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Document Max. Freq Min. Freq
Harper's Encyclopedia of United States History (ed. Benson Lossing) 2,462 0 Browse Search
Knight's Mechanical Encyclopedia (ed. Knight) 692 0 Browse Search
George Bancroft, History of the United States from the Discovery of the American Continent, Vol. 10 516 0 Browse Search
George Bancroft, History of the United States from the Discovery of the American Continent, Vol. 3, 15th edition. 418 0 Browse Search
C. Julius Caesar, Gallic War 358 0 Browse Search
George Bancroft, History of the United States from the Discovery of the American Continent, Vol. 4, 15th edition. 298 0 Browse Search
Hon. J. L. M. Curry , LL.D., William Robertson Garrett , A. M. , Ph.D., Confederate Military History, a library of Confederate States Military History: Volume 1.1, Legal Justification of the South in secession, The South as a factor in the territorial expansion of the United States (ed. Clement Anselm Evans) 230 0 Browse Search
H. Wager Halleck , A. M. , Lieut. of Engineers, U. S. Army ., Elements of Military Art and Science; or, Course of Instruction in Strategy, Fortification, Tactis of Battles &c., Embracing the Duties of Staff, Infantry, Cavalry, Artillery and Engineers. Adapted to the Use of Volunteers and Militia. 190 0 Browse Search
C. Edwards Lester, Life and public services of Charles Sumner: Born Jan. 6, 1811. Died March 11, 1874. 186 0 Browse Search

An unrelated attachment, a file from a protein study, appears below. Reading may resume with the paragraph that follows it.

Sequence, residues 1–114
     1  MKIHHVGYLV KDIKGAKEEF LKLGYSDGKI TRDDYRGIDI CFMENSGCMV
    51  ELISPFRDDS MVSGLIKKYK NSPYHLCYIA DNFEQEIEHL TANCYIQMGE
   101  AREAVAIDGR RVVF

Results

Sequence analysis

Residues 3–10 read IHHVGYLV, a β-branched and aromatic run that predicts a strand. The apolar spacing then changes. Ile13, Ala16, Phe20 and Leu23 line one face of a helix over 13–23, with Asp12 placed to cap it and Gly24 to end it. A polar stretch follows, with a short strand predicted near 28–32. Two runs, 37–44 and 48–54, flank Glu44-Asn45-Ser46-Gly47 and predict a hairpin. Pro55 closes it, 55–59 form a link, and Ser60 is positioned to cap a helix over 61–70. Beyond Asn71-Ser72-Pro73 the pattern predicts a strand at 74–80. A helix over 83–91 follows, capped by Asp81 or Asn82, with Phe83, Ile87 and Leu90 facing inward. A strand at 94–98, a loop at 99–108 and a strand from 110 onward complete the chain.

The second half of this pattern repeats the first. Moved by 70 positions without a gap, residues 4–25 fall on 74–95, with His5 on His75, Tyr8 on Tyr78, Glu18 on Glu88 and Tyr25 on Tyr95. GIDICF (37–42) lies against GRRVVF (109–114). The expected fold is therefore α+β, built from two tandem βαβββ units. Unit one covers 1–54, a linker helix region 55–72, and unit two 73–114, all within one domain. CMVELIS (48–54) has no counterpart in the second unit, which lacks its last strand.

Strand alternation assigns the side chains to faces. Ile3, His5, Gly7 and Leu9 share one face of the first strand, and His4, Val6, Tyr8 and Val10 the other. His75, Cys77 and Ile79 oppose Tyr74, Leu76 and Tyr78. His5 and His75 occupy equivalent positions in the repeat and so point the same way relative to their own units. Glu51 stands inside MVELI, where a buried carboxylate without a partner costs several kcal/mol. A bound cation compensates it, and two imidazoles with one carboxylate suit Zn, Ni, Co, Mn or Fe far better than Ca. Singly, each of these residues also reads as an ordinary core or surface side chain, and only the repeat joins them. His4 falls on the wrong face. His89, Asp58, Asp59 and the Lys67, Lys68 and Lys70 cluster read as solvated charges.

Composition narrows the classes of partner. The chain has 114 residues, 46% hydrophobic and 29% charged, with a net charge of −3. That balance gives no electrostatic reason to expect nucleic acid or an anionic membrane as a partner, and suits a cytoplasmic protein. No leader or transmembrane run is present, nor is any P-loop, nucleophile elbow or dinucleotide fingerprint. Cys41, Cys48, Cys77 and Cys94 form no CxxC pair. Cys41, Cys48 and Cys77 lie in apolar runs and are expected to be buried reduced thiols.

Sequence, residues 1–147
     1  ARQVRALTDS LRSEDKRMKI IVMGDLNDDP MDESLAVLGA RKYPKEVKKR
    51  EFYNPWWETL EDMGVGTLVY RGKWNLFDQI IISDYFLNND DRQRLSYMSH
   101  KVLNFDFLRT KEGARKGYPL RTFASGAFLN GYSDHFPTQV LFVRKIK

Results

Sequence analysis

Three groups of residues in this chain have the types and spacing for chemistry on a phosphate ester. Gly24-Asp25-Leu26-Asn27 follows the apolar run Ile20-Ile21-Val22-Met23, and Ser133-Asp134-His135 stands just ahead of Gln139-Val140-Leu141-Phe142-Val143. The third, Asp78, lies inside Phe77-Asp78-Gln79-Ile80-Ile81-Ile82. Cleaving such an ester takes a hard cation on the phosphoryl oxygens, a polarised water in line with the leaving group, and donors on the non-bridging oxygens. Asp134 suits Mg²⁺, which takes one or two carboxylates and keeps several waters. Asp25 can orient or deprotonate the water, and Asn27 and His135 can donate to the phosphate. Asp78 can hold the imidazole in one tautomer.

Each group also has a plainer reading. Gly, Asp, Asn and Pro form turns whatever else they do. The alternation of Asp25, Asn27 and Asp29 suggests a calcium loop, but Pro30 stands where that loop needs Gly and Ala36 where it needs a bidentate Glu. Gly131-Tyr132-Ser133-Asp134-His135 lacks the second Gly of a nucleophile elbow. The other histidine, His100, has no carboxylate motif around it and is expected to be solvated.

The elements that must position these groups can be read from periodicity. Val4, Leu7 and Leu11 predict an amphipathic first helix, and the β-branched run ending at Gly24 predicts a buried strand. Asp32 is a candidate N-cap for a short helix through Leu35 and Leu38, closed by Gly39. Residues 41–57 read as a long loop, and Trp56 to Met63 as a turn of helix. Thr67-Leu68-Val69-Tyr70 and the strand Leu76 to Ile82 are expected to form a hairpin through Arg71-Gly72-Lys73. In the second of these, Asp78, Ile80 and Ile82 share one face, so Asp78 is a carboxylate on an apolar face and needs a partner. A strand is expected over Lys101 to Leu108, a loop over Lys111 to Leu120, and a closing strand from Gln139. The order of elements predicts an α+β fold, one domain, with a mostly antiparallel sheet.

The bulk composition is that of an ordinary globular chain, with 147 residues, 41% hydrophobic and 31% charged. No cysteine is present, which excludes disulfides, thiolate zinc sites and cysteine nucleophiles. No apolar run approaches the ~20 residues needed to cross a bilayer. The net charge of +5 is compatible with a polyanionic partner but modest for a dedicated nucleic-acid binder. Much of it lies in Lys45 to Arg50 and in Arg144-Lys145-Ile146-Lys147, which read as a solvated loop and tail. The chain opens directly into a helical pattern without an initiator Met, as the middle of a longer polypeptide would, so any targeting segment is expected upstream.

George Ticknor, Life, letters and journals of George Ticknor (ed. George Hillard) 182 0 Browse Search
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Browsing named entities in The Daily Dispatch: February 4, 1864., [Electronic resource]. You can also browse the collection for France (France) or search for France (France) in all documents.

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by volunteering and re-enlistments, and which number, as well as those enlisted up to the 1st of March next, will be credited. Therefore the call virtually demands only two hundred thousand men. If the enlistment of soldiers is properly and vigorously advanced, there will be no need of any draft to fill the quota demanded by Mr. Lincoln." Upon this announcement the Herald has a characteristic article about having "peace from Maine to the Rio Grande," and then "getting with England and France." Capture of a Yankee army train — severe fight in Hardy county, Va. The following dispatch is telegraphed to the New York papers. Headq'rs Dep't Western Virginia, January 31, 1864, Again we are in the midst of excitement and activity, caused by a severe conflict that took place yesterday afternoon in the neighborhood of Williamsport, Hardy county, and which lasted, with considerable persistence and severity, for four hours. On Thursday night a train of about eighty
ial resources? Let us trust that, in severing the last link of our connection with the United States, we are entering a career not only of nominal but of real independence. We must not be dependent hereafter upon. New England or Old England for any production of human hands that human necessities require. We must not dream of giving even our carrying trade to foreign powers. There was a time when, in our anxiety for friends abroad we were proffering our future commerce to England or France, but they have been deaf to all those blandishments. This, which some among us have considered an evil for tune, may prove the best of all fortunes.--Certainly it will if it leads us to depend upon ourselves. We shall have no friends to reward, for the excellent reason that we have no friends. We have been left alone to struggle with a colossal foe, and alone, we should reap the fruits of that struggle. We have the greatest natural facilities for becoming a great commercial and manufactu